Transportation headlines, Friday, September 2

Here is a look at some of the transportation headlines gathered by us and the Metro Library. The full list of headlines is posted on the library’s blog.

Is a car battery subsidy just a sprawl subsidy? (Infrastructurist)

Infrastructurist writer Eric Jaffe checks in on the debate over the Obama Administration’s support for car battery research. The New York Times Magazine emphasized in a long piece the huge potential market for electric vehicles. From that they concluded that the government was sage to invest $2.5 billion in battery research as part of the stimulus. However, urban planning bloggers argued that subsidizing the auto industry — via this investment — would only perpetuate an inefficient road-based transportation system. What about battery-powered buses?

Spurring jobs through infrastructure? (Transport Politic)

The President is set to announce a jobs plan in the coming days that many expect will include capital investments in the transit system. Yonah Freemark, however, contends that doing so wouldn’t pay dividends for many years, given how long it takes to plan, design and construct transit lines. Rather, Freemark supports an approach that includes robust support for transit operations as a means to expand employment. The other benefit of federal support for operations in general is that the feds could borrow funds to keep services at a constant level, meaning agencies wouldn’t have to cut services in lean times — like, say, during a major national recession.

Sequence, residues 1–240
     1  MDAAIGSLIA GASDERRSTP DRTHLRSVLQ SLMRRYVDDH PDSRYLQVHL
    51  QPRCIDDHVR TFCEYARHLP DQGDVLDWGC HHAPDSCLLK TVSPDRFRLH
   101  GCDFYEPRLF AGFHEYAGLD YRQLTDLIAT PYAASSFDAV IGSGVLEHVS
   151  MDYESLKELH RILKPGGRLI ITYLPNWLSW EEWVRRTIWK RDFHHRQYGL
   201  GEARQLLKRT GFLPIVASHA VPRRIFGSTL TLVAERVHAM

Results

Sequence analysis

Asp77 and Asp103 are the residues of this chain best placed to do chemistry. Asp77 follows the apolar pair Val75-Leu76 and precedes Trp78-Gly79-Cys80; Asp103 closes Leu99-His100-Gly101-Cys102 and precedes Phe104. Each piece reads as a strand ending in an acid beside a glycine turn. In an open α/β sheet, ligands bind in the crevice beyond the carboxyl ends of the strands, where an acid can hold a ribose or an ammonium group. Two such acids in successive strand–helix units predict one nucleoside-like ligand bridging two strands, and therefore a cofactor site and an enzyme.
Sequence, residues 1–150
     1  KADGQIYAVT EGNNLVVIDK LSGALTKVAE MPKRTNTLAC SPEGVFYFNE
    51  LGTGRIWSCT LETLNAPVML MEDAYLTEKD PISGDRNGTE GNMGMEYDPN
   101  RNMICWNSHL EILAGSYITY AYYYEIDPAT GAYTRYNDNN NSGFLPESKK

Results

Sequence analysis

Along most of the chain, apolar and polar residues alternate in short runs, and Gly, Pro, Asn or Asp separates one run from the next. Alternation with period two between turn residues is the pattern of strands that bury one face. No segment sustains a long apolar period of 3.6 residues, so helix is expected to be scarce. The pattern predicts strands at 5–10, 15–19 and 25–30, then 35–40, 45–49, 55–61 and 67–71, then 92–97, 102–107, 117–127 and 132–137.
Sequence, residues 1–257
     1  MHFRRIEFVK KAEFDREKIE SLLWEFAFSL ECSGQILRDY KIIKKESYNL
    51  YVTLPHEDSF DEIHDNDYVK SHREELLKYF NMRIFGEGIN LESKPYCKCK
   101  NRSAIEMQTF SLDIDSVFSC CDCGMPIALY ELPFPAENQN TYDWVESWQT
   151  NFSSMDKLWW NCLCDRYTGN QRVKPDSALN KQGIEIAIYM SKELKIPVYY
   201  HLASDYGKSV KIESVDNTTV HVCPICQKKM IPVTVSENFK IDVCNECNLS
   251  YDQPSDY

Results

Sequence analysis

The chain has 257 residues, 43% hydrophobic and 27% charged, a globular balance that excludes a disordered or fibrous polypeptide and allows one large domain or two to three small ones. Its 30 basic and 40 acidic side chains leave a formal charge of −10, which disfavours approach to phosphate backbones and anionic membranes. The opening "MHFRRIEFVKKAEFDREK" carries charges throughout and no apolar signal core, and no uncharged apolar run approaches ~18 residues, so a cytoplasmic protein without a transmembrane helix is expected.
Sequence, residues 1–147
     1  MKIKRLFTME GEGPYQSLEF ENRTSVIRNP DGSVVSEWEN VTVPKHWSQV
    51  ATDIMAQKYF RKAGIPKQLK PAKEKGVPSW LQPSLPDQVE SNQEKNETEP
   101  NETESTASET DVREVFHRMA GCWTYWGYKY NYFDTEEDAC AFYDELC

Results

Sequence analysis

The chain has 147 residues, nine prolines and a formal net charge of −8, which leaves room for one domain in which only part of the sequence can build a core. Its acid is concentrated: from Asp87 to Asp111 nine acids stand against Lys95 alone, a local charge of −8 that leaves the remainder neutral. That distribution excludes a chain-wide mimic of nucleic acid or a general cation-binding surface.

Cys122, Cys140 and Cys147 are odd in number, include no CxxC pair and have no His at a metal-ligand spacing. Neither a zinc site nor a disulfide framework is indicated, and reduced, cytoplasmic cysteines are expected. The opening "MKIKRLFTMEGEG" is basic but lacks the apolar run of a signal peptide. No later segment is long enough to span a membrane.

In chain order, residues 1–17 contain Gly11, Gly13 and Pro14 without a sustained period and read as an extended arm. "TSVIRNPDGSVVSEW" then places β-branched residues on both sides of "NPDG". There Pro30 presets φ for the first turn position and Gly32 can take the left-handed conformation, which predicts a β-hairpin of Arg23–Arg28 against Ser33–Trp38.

Tiny parks are on a roll in San Francisco (L.A. Times)

If it’s in the street, it’s transportation! And how we use our streets says a lot about our community’s priorities. New bike lanes are starting to pop up in L.A., New York is turning car lanes into pedestrian plazas and San Francisco is turning parking spaces into movable mini-parks. Columnist Maria L. La Ganga’s take on S.F.’s effort: It depends on the context. Plop them down on a quiet street and they sit unused. Add them to an already busy sidewalk and their splash of greenery is heartily embraced.